Last week I had the pleasure of attending the fourth grade hike as chaperone. There were many of us and I was assigned three girls: my daughter, a slow one, and a speedy one.
The field trip was part history walk part hike up Ricker Mountain near Waterbury. It is a fabulous “wike” and I hope to return with my own family or in snowshoes this winter. It wasn’t very hard. Three hours was PLENTY of time.
The kids arrived by bus and the parents by cars. After meeting up with my trio of charges, the slow one quickly sidled up to me while the other two charged ahead. She had lots to talk about. She asked to hold my hand to help her up the train. She was slow. She lacked confidence.
But she was sweet. Not a behavior problem (thank goodness!). Twenty minutes into the hike she asked if she could have snack yet. I suggested we catch up with the other two and eat after that. I delayed the inevitable, as it was still only about 9:30. I asked if she had breakfast that morning. She cheerfully replied, “oh yes! I had a poptart. Actually I had two, because I knew I’d need energy”. Later on the walk, she shared that she ate a lollipop on the bus, “because sugar gives me energy”.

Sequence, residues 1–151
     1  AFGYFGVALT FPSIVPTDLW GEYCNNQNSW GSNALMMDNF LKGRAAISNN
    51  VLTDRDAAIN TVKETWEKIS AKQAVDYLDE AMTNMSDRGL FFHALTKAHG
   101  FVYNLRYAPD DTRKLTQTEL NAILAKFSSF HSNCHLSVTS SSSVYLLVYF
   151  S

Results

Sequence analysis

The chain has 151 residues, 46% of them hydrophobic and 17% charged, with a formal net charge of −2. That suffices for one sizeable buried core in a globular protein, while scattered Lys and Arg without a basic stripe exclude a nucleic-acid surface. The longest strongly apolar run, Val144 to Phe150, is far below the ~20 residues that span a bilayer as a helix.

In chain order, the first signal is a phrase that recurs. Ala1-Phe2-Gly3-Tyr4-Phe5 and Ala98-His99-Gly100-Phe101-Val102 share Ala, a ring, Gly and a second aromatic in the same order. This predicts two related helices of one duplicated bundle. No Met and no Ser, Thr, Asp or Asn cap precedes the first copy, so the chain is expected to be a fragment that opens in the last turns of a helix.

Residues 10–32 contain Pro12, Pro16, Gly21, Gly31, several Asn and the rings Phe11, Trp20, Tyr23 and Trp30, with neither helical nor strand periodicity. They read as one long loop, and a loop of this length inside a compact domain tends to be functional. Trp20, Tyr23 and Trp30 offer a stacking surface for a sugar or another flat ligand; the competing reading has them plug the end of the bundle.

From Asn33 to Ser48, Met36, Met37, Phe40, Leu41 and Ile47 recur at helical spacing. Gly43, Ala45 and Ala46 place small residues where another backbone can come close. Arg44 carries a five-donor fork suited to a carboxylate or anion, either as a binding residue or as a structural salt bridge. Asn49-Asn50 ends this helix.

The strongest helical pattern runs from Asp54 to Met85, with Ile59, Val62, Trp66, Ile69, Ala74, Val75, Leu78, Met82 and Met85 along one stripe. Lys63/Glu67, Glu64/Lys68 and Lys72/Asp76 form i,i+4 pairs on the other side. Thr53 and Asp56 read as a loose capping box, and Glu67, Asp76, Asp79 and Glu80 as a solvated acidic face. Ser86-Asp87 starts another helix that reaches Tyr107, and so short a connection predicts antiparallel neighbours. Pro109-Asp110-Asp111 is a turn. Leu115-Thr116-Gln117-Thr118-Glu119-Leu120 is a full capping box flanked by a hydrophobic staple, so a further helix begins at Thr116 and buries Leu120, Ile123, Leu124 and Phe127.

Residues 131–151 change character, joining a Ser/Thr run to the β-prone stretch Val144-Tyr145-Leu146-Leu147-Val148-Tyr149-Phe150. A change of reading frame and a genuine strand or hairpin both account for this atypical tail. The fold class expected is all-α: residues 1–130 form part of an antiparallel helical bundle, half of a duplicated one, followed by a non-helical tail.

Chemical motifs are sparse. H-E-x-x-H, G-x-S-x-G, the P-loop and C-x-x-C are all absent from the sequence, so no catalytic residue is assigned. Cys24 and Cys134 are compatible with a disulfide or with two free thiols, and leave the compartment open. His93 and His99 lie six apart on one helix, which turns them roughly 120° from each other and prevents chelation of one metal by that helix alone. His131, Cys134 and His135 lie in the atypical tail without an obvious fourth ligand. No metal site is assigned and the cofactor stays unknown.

Finally, I relented on snack. The girls sat down. My daughter had an apple. The faster one ate some apple slices, and the slow one? She had a sticky bun (whole wheat, as provided by the school district food service).
No sooner had she finished and we resumed walking did my slow one remark, “I am more tired than before snack!” No kidding. The poor thing was subsisting on sugar, some added vitamins & enriched flours.
I felt sorry for her. I figured her parent/guardian might not have gotten that message quite right about sugar providing energy; he/she might be working multiple jobs and can’t get around to preparing food.
I thought about how her diet was such a disservice to her — not just on this hike, but likely on the NECAP statewide assessments administered earlier in the same week. I thought about how all the teaching of healthy food choices in health classes cannot overcome the influence of available choices presented to her from home; that the modeling of adults in her life have probably left her thinking that a sticky bun and two pop-tarts are appropriate fuel for a day’s hike.
This is the kind of thing that makes me want to get a nutrition/education degree to help children & families.